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Organizational Structure

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Executive Summary
2005 has seen the most dynamic changes in the development of the Telecoms sector since services where initially offered by Jordan Telecom in 19xx. These changes build upon an established mandate for the reform of the sector as prescribed within the
September 2003 Statement of Government Policy for the Telecommunications, Postal and IT sectors published by the Ministry of Telecommunications and Information Technology in support of the temporary Telecommunications law of 2002 and the temporary Postal Law. These pivotal documents helped to pave the way for the liberalisation of the telecommunications and postal sectors, a process that is now well advanced.

This background of a dynamic market in which a vibrant competitive environment is being created requires the development of a strong, decisive regulator. In the early stages of competition development it is essential that ex-ante regulations are implemented to protect the interests of new market entrants and the consumer. Overtime this can be replaced by ex-poste regulations where by the TRC will be able to allow the markets to exert a degree of self regulation within pre-defined boundaries. Recognising this, during 2005 the TRC, supported by the amended Telecommunications Law (2002) and government policy (2003), embarked upon a very ambitious and rich programme to develop the necessary instruments required to achieve this regulatory model.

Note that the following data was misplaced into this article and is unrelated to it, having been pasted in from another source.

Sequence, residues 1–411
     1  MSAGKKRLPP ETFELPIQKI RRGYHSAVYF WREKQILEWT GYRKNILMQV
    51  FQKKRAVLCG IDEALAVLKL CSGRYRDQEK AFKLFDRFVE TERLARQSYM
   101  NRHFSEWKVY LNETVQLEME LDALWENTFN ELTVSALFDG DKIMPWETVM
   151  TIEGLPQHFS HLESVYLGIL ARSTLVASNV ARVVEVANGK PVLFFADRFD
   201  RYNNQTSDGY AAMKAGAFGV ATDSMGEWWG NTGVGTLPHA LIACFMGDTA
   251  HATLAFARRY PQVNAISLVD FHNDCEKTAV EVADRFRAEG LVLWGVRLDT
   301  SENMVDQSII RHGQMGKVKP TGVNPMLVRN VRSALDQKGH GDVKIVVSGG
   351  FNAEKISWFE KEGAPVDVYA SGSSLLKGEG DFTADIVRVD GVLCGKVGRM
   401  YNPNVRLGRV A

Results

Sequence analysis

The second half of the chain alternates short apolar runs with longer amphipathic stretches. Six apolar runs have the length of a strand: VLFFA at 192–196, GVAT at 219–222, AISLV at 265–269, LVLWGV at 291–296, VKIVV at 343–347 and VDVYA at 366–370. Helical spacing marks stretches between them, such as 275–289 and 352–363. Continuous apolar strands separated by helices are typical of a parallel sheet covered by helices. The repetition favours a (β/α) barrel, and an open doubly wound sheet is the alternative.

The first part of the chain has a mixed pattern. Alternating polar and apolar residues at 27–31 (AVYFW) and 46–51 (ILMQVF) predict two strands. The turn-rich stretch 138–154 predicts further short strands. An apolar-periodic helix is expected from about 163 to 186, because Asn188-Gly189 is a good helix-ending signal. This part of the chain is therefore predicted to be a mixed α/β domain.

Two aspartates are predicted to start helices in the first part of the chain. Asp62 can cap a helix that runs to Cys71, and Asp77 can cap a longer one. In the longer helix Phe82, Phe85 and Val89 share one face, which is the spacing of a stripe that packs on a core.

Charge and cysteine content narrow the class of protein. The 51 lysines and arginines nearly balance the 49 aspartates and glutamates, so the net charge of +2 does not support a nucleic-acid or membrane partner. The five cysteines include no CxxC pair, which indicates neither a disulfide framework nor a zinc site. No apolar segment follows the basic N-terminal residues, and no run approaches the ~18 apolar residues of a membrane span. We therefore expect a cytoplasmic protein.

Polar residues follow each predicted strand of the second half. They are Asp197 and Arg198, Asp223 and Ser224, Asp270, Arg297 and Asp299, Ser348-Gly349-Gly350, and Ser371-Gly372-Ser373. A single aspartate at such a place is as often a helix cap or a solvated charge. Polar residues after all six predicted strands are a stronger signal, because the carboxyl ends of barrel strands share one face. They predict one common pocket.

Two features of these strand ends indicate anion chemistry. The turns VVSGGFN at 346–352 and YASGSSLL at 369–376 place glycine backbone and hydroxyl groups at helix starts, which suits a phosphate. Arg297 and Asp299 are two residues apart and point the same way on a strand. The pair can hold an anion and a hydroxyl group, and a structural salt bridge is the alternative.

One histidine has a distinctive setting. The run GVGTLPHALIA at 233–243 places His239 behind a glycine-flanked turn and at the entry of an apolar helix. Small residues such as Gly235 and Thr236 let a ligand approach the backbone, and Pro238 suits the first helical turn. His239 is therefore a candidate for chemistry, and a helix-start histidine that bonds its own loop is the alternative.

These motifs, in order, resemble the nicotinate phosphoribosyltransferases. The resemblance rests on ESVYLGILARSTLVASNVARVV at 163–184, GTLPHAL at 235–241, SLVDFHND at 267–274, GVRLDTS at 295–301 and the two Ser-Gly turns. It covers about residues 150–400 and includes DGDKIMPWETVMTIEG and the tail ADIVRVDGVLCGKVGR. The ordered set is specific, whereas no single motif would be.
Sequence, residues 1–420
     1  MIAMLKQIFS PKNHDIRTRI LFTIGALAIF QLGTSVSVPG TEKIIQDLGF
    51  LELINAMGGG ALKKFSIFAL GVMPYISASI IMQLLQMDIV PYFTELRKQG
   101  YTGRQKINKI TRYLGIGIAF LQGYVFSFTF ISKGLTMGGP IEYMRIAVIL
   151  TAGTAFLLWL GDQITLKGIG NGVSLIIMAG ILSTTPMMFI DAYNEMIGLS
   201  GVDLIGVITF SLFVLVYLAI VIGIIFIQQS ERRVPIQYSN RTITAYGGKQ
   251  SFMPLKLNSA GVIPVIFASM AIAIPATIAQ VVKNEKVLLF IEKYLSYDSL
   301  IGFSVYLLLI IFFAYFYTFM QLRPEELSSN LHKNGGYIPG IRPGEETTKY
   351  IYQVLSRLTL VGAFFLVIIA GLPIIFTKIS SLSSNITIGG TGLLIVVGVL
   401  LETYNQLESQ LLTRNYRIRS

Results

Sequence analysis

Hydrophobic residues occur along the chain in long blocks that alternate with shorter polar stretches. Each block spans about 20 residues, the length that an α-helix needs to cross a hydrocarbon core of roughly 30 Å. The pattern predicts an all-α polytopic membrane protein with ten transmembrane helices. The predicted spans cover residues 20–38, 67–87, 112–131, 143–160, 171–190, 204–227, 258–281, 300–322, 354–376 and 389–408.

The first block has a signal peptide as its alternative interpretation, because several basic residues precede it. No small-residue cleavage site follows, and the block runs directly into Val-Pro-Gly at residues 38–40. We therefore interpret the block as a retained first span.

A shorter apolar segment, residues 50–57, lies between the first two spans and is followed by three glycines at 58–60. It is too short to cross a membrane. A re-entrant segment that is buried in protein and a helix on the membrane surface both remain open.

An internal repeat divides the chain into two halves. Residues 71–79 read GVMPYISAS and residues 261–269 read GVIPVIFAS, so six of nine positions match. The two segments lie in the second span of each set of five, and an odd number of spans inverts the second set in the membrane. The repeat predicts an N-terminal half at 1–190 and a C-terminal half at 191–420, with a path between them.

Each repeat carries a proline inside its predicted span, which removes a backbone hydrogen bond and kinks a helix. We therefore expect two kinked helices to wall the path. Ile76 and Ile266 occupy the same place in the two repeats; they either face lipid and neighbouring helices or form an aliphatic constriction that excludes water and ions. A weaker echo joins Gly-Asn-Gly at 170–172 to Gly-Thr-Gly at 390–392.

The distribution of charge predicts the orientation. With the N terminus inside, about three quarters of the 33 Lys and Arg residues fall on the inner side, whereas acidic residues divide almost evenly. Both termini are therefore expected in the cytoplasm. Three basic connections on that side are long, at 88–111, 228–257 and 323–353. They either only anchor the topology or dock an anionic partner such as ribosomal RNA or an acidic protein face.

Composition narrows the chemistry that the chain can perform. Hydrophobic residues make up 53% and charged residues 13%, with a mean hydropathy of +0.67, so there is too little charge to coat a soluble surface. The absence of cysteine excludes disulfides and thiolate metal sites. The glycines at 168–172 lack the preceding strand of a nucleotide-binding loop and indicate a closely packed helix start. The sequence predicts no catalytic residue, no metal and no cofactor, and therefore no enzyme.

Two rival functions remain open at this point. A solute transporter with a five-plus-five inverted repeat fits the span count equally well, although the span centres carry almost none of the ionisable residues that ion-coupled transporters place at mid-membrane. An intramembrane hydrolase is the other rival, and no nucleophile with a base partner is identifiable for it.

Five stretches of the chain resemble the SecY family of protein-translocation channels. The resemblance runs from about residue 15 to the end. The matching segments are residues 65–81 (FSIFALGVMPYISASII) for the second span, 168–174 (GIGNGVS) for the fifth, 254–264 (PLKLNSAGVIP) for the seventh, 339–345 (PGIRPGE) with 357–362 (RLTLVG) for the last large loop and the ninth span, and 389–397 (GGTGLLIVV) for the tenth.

In developing such regulatory instrument and through demonstrating its independence the TRC is in accord with internationally recognised best practise as stressed within both the WTO and European agreement to which the Government of Jordan has become signatories. Whilst the TRC did not complete this programme within 2005 as had been planned, significant in-roads have been made into the development of the required instruments. At the same time the TRC has needed to look inwardly at itself and has taken a number of measures designed to build the necessary capacity within the staff retinue to be able to more appropriately support the transformation required within the TRC itself. As such through the USAID funded AMIR programme, which came to an end in December 2005, the TRC has been able to put in place some of the foundation stones to develop the required capacity. Also during 2005 a European Union funded four (4) years contract has also been awarded to Eurostrategies. Work on the project began in June to provide regulatory support as well as to

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employ techniques designed to provide institutional strengthening and capacity building within the TRC.